Muhammad Fokra, a local attorney accused of cheating scores of migrant workers
and Palestinians out of thousands of dollars, has been ordered by a Tel Aviv
court to refund his clients. The civil suit against Fokra was filed by attorney
David Ben-Haim, who represented 25 migrant laborers from the Philippines, Sri
Lanka, Romania and Turkey. They are thought to be just the tip of the
Dozens, if not hundreds, of other migrant workers are believed
to have fallen victim to the scam.
Almost all tell a similar story. Most
had either lost or overstayed their work visas.
And Fokra, who keeps an
office in Tel Aviv’s Central Bus Station – a popular meeting place for
workers – promised to protect them from deportation.
After they’d paid
between $3,000 and $4,000, Fokra provided his clients, most of whom
or write Hebrew, with court documents. According to his clients, Fokra
the paperwork meant they could stay in Israel and continue to work for
Some say Fokra referred to it as a “protection visa” – a
category that does not exist.
In reality, the papers said only that Fokra
had filed suit against the Ministry of Interior and other government
his clients’ behalf. In most instances, judges dismissed the cases
had skipped the crucial first step of applying for residency for his
Fokra himself closed some of the cases.
In December of 2007, Jesus
Ocampo, an undocumented worker who was not part of Ben-Haim’s suit, paid
$3,000 for papers he believed would protect him from deportation.
told me: ‘If [immigration police] stop you, you show them that
they can’t touch you,” Ocampo recalled. Like Fokra’s other clients,
reports that he paid cash and did not receive receipts.
later, an acquaintance, who was also a client of Fokra’s and carried
similar to Ocampo’s, was deported. Frightened, Ocampo tried to get in
his attorney. His calls went unanswered and unreturned.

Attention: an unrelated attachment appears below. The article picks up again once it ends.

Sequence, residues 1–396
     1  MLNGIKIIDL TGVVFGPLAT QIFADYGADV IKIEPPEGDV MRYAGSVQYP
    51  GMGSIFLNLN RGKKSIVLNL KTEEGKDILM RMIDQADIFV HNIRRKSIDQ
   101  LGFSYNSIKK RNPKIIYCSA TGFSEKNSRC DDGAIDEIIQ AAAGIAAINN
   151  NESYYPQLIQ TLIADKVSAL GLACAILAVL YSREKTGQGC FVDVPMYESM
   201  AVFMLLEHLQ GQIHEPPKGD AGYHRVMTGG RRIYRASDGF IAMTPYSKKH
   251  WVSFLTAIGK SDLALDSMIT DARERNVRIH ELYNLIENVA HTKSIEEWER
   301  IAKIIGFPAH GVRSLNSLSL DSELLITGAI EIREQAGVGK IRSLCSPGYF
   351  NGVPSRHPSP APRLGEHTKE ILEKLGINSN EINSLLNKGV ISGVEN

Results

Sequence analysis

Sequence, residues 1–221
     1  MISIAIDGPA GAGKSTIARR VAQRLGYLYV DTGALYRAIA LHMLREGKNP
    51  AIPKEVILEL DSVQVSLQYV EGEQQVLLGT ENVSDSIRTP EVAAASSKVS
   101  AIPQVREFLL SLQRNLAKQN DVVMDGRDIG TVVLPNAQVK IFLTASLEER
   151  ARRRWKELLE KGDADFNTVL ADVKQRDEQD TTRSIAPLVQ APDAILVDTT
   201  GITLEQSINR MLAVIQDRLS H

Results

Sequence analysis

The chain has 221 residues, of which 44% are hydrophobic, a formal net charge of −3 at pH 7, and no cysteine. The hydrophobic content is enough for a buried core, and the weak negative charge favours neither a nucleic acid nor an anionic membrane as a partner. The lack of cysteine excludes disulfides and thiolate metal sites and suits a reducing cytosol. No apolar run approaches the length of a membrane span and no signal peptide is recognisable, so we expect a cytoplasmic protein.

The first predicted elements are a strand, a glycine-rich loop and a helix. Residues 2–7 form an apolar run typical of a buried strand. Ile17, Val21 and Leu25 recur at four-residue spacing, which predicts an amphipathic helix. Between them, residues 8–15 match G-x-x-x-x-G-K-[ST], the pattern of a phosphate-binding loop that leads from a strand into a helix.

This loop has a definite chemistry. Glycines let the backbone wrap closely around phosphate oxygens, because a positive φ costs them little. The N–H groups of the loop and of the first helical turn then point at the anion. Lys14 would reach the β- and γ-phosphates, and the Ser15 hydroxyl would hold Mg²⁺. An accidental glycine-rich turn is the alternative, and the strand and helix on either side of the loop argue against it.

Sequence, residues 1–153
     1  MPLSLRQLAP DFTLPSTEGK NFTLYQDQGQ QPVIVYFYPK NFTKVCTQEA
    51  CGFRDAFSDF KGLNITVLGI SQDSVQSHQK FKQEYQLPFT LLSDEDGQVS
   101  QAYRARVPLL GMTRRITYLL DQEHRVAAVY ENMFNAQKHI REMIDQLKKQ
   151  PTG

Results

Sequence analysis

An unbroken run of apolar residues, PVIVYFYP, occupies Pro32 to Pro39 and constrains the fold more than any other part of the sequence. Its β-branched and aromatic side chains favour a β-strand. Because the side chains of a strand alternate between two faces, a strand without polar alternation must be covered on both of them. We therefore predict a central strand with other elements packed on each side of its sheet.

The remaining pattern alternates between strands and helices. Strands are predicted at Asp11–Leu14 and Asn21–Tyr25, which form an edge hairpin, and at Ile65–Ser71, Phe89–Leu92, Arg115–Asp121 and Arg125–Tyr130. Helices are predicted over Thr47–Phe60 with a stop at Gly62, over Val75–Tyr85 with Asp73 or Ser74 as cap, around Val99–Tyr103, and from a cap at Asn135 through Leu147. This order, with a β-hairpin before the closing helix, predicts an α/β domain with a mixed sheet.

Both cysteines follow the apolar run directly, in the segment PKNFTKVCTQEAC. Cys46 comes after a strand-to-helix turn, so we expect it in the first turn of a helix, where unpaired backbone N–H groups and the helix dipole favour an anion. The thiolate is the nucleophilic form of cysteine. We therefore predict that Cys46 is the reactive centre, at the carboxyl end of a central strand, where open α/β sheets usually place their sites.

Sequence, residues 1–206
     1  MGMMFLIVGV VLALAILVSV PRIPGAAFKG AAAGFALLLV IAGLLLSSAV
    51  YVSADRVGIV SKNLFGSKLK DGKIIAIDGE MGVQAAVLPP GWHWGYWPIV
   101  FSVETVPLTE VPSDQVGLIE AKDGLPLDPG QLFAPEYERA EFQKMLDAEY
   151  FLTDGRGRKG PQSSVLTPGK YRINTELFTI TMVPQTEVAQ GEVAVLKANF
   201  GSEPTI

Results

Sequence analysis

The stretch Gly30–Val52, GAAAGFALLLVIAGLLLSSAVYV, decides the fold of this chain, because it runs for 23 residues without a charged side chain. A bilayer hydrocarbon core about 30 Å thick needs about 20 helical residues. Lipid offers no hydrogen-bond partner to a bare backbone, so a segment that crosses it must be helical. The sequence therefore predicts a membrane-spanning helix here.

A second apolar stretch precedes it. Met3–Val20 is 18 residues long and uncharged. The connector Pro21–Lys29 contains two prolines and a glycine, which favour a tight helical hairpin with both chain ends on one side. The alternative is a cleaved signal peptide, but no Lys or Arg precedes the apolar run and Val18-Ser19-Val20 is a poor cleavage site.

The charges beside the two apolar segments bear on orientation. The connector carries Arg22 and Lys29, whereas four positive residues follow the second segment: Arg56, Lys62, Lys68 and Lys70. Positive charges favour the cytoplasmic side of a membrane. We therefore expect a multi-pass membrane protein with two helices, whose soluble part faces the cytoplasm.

Peter Palalon is
a domestic helper included in Ben-Haim’s suit against Fokra.
worked legally as a caregiver until his employer died several years
“After that, I am hiding,” Palalon says, referring to the state
policy that strips a migrant laborer of his visa upon his employer’s
“That’s why I went to Fokra,” Palalon said. “I thought that I will
While some workers drained their savings or borrowed from
friends to pay Fokra, Palalon took out high-interest loans from a local
“I paid a lot of money,” Palalon said, explaining that he trusted
Fokra because he was an attorney. “I thought he was a good man.”
several weeks later, Palalon discovered that the documents Fokra had
To bolster his civil case against Fokra, Ben-Haim
compared Fokra’s handling of two very different clients – one with a
visa, the other an undocumented laborer residing in Israel
“For both, Fokra filed almost the exact same case – proof that
he didn’t care about the specific legal circumstances of the [client],”
said. He explained that Fokra filed only to “get the legal fees.”
ruling against Fokra, Justice Oshri Frost-Frenkel wrote: “The defendant
presented petitions in the names of clients who didn’t need petitions;
had to do was refer them to the Ministry of the Interior for a residency
The defendant presented petitions without thinking, without checking the
status of the client first. He worked without fulfilling the
these petitions, and all that to collect the fees from his
According to Frost-Frenkel, it all added up to a “clear method
of collecting fees for [doing] nothing, without any need, and exploiting
distressed foreign workers, [people] who don’t understand the language
afraid of being deported from [Israel].”
She continued: “The defendant
took advantage of their blind faith in him as a lawyer in a state that
foreign to them, promising them that those documents would without a
them] stay in the country…” Frost-Frenkel has ordered Fokra to return
he collected from his clients.
He must also pay interest on the
Reflecting on the verdict, Ben-Haim commented, “I honestly believe
that justice has been served here.”
Both Palalon and Ocampo were pleased
to hear the results.
“I am happy, but I don’t know when I’ll get the
money,” Palalon said, adding that recovering the fees he paid to Fokra
important to him.
In a telephone interview from the Philippines, Ocampo,
who chose to return home over a year ago, said: “This is justice for me
he took a lot of money not only from me, but from all [his
Speaking to The Jerusalem Post
Fokra insisted that he
represented his clients to the best of his ability. “I went to court for
“I’m going to appeal [the decision],” he added. “They cannot
prove this case.”